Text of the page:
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The accomplishments of Professor James H. Williams Jr. of the Department of Mechanical Engineering have been recognized in Aetna's 1994 Calendar of African-American History and in the Time-Life book, African Americans: Voices of Triumph. The book profiles leaders in science and engineering who are black.
The calendar also honors the mentors of the 12 people signaled out for recognition. In Professor Williams' case, the mentor is his mother, Margaret Louise Mitchell, who died in 1991. The September page of the calendar notes:
"Williams tackles projects that demand, among other things, great confidence in one's abilities. Williams first witnessed this confidence through his mother.after his parents divorced when he was eight years old. `My mother believed it was vital to have a certain amount of confidence in yourself and to believe in your ability to do whatever it is you want to do. I saw that in her, a young black woman with two children, who had to make it on her own,' Williams said. Until she remarried, Margaret Louise Mitchell supported her children by working in a school cafeteria in Newport News, VA. Williams said he sought to show his appreciation for her efforts and sacrifice through his studies.." The calendar also shows a photo of Professor Williams' mother when she was 20 and pregnant with him and this quote from him: "One of the things that brought me an enormous amount of pleasure when I was a kid was simply to bring my report card home to my mom, and watch her face, just to see her smile."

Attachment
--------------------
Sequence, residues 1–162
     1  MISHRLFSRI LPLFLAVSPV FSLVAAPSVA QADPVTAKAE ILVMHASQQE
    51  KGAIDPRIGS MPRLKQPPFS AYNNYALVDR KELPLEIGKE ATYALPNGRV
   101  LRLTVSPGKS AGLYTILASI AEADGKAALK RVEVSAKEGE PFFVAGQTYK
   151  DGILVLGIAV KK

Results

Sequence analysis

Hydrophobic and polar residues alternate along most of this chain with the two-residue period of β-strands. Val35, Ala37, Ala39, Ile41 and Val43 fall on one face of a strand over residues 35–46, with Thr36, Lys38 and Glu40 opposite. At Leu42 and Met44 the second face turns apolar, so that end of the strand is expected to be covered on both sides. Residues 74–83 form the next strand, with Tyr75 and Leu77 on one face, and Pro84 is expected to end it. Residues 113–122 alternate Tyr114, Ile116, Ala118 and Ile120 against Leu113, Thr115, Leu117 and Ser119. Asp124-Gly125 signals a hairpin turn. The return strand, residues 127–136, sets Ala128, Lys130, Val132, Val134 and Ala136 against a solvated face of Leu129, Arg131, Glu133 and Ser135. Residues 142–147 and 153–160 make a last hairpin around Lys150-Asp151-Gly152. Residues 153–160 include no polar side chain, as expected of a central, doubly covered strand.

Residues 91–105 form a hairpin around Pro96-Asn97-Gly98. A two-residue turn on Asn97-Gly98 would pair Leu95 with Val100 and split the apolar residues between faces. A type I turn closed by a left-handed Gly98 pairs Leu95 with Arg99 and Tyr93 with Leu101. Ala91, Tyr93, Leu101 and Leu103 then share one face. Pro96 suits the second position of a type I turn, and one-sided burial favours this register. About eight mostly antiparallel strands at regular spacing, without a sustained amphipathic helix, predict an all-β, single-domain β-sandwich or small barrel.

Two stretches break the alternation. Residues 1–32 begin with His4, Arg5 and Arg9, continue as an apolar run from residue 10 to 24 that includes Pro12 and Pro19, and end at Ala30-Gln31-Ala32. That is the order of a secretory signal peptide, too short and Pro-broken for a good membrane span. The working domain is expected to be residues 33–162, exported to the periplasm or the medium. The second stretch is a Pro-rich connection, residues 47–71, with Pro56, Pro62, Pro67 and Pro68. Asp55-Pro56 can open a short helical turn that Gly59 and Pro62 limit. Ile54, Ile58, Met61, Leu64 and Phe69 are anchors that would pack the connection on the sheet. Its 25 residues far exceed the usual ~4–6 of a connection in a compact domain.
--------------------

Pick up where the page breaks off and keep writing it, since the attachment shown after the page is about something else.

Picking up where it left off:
Voices of Triumph says of Professor Williams: "Williams was born and went to school in Newport News, Virginia, and worked in the Apprentice School of the Newport News Shipbuilding and Drydock Company. Customarily, the few blacks in the school were steered toward blue-collar training as electricians, machinists and welders. Williams, however, became the first African American to be chosen for the company's design track, and performed so well that he was sent on to MIT. Because of his love of teaching Williams returned to MIT after his stint in England (he earned the PhD from Cambridge University). He has combined his great popularity as a teacher with a lonelier role as a prod to the university's administration. He wants MIT not only to expand its outreach to black students but also to .faculty. "
Also profiled in the book is Dr. Shirley Ann Jackson, a member of the MIT Corporation, who was the first black woman to earn a PhD from MIT (1973) and the first black woman in the country to receive a doctorate in physics.
A version of this article appeared in the June 1, 1994 issue of MIT Tech Talk (Volume 38, Number 35).